'Take these m-----f-----s out': Rutgers prof rails against white people while defending CRT

Professor Brittney Cooper called Critical Race Theory “the proper teaching of American history” and said that white people are “committed to being villains in the aggregate.”

During a talk titled “Unpacking the Attacks on Critical Race Theory,” Rutgers University professor Brittney Cooper called white people villains and said that they “kind of deserve” the current declining birth rate.  

She also told writer Michael Harriot, “I think that white people are committed to being villains in the aggregate.” 

The event took place on Sept. 21 as part of The Root Institute, a conference hosted by an African American-focused online publication called The Root. President Biden delivered this year’s opening address.  

Cooper is an associate professor of Women’s and Gender Studies and Africana Studies at Rutgers University. A document obtained by Campus Reform via public records request reveals that Cooper will earn at least $114,248.95 from Rutgers this year. 

Cooper began teaching at the university in 2012, and she has been paid a six-figure salary each year from 2018 onward. Cooper did not respond to request for comment, though an auto-reply email stated that she is not regularly checking email because she is on sabbatical leave. 

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Rutgers is funded in part by both federal and state taxpayer dollars; it is New Jersey’s flagship public university. This fiscal year, 18.9 percent of the university’s budget comes from state appropriations. Additional taxpayer dollars flow to the university through federal student aid, research grants, and COVID relief.  

She addressed the rising cost of living for white people, saying, “White people’s birth rates are going down…because they literally cannot afford to put their children, newer generations, into the middle class…It’s super perverse, and also they kind of deserve it.”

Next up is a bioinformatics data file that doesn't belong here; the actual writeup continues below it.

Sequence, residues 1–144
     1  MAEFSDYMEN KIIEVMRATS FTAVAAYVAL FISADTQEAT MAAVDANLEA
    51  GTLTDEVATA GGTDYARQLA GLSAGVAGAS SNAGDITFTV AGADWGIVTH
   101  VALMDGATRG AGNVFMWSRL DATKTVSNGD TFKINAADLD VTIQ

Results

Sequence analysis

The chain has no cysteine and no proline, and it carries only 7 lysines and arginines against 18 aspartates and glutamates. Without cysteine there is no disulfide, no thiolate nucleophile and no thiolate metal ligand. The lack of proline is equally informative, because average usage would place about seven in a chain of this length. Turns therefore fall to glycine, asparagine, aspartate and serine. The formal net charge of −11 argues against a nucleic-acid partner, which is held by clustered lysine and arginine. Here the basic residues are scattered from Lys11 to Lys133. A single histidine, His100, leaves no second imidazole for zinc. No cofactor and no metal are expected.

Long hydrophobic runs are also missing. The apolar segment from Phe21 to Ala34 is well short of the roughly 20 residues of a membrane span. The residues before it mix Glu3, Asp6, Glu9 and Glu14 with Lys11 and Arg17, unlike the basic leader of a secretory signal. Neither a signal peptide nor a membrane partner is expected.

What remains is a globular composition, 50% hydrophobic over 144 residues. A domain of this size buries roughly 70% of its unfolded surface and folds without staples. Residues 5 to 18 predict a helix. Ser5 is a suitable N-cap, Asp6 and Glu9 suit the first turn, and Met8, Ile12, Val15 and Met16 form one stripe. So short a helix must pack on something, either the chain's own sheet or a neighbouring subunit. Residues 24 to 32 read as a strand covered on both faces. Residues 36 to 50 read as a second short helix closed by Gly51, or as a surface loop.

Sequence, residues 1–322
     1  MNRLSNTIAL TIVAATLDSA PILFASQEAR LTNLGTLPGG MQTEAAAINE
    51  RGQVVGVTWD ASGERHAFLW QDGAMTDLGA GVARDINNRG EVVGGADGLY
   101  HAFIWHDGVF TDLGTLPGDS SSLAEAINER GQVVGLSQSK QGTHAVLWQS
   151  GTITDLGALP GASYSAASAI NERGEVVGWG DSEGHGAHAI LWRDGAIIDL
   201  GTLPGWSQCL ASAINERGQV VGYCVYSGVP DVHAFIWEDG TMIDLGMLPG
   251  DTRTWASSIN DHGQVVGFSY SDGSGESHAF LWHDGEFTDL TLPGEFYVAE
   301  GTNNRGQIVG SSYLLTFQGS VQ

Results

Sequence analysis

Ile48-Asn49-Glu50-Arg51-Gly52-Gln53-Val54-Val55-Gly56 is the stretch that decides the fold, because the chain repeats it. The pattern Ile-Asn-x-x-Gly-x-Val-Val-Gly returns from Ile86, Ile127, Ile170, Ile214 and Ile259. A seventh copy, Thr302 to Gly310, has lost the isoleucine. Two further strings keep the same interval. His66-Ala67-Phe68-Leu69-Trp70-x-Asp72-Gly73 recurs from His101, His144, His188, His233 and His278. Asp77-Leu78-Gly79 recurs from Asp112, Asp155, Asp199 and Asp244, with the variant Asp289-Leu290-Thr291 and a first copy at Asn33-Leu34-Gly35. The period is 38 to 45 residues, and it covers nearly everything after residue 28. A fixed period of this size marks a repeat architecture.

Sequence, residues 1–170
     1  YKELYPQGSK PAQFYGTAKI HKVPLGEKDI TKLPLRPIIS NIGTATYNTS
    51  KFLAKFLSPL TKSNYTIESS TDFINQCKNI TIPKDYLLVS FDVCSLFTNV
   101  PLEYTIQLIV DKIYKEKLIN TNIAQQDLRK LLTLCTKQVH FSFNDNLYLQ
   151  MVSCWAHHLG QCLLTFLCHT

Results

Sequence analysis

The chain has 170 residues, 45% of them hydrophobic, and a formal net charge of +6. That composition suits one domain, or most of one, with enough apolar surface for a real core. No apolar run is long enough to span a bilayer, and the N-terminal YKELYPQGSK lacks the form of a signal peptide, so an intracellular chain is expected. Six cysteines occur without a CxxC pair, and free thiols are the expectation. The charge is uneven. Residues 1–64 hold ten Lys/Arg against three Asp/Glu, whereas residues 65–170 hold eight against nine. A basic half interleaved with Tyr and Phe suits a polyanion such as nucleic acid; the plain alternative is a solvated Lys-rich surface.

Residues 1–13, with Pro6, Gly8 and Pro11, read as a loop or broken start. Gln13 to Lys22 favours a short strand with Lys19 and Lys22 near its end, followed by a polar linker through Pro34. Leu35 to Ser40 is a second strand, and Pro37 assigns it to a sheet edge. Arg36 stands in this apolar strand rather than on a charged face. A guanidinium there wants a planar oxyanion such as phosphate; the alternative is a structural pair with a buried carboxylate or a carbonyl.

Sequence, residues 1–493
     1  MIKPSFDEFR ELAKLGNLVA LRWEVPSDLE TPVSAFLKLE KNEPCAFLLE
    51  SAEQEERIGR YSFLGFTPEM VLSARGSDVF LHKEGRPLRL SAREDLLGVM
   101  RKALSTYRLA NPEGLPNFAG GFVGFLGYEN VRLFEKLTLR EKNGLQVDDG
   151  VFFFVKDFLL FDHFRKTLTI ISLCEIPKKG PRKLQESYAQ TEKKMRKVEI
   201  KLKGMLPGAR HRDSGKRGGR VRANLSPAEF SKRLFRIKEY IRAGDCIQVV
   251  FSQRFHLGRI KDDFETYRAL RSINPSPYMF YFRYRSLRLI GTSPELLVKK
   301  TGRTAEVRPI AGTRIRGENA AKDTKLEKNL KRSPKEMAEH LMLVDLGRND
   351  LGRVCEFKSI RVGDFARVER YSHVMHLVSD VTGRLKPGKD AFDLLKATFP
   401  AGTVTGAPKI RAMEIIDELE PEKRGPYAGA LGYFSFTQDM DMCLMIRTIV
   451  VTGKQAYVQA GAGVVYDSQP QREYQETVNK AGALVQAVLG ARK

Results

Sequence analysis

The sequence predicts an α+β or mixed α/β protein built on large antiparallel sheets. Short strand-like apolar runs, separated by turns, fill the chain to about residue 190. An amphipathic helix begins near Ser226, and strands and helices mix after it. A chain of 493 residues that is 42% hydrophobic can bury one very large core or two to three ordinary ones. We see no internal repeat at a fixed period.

When asked if white people would ever release the power they currently hold, Cooper answered, “The thing I want to say to you is, ‘We gotta take these m-----f-----s out,’ but like, we can’t say that, right? I don’t believe in a project of violence, I truly don’t,” because “our souls suffer from that.”

Cooper said that, when she teaches Critical Race Theory to college students, she asks them if “we can legislate [racism] away and we can march it away…or, do we think white people just always gonna be like this, and our job is to hold back their ability to do the most harm?” 

She says that conservatives oppose Critical Race Theory because they oppose truth. “The issue that the right has is that Critical Race Theory is just the proper teaching of American history,” she said. 

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Campus Reform has covered hateful comments made by Cooper in the past. In 2020, she lambasted Trump supporters for the disproportionate impact that COVID-19 had on the Black community, tweeting, “F*** each and every Trump supporter. You all absolutely did this. You are to blame.” In 2016, Cooper blamed racism for Brexit. The year prior, she wrote in Salon that white religious conservatives worship a God who is “an a**hole” with “nothing holy, loving, righteous, inclusive, liberatory theologically sound about him.” 

On Sept. 27, Campus Reform filed a public records request for Cooper’s salary information and the courses she has taught at Rutgers this year. The university’s public records office states that it must notify a requestor and provide an estimated date of completion if a request is going to take longer than 7 business days. Ten business days later, on October 11th, the university provided the salary data and notified Campus Reform that it would be extending the deadline for the course list to Oct. 15. On Oct. 21, the university notified Campus Reform that it would be extending the deadline until October 28, and that it may continue to extend the deadline due to staff turnover in the H.R. office.

A university employee could not answer if the $114,248.95 figure is what Cooper will earn in total this year, or what she has already been paid this year, not counting future payments between the time the record was produced and the end of the calendar year, telling Campus Reform, “I have to circle back to HR, so I will definitely ask, but that might be kind of another long waiting question.”

Follow the author of this article on Twitter: @AngelaLMorabito